Between lumen (cavity) of intestines and the blood and other tissues in body.

-Increase SA for diffusion

-V. thin wall

-Able to move and so help to maintain a diffusion gradient

-Well supplied with blood vessels so blood can carry away absorbed molecules and maintain a diffusion gradient.


Explain the role of diffusion in absorption in the small intestine.

Carbohydrates being digested continuously so normally greater concentration of glucose within small intestine than in blood.


Blood constantly being pumped by the heart, glucose absorbed into it is continuously being removed by the cells as they use it up during respiration.

Helps maintain a diffusion gradient.

Also villi contain muscles which regularly contract, mixing contents of small intestine.

Ensures that as glucose is absorbed from food adjacent to villi, new glucose rich food replaces it.


Explain the role of active transport in absorption in the small intestine.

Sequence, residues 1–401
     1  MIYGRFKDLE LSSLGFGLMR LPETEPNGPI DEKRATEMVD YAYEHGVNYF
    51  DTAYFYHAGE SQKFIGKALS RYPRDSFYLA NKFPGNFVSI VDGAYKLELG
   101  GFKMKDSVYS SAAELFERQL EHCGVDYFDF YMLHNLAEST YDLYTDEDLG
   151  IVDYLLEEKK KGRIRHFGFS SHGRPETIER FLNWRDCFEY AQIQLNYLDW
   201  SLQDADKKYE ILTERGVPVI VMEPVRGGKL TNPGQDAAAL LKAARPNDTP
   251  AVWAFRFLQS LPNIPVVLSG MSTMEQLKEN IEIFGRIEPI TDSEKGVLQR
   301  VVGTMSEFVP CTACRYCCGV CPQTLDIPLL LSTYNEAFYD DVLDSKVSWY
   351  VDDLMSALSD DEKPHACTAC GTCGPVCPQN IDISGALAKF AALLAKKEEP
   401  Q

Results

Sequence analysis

If equilibrium is reached from diffusion, by active transport glucose can still be absorbed so all glucose can be absorbed into blood.

Actual mechanism of glucose from small intestine to blood is called co-transport (two molecules involved).

Glucose drawn into cells along with sodium ions that have been actively transported out by SODIUM-POTASSIUM PUMP.


Explain sodium-potassium pump and involvement in active transport when absorbing glucose from small intestine to blood.

-Sodium ions transported out of epithelial cells, by S-P pump, into blood. Takes place in one type of protein-carrier molecule found in cell-surface membrane of epithelial cells.

-Now much higher conc. of sodium ions in lumen than inside epithelial cells

-Sodium ions diffuse into epithelial cells down conc. gradient through a different type of protein carrier (co-transport protein).

-As sodium ions flood back through second carrier protein, they couple with glucose molecules which are carried into cell with them.

-Glucose passes into blood plasma by facilitated diffusion using another type of carrier.


Describe structure of a bacterial cell. (9)

Small cell wall made up of peptidoglycan (polymer).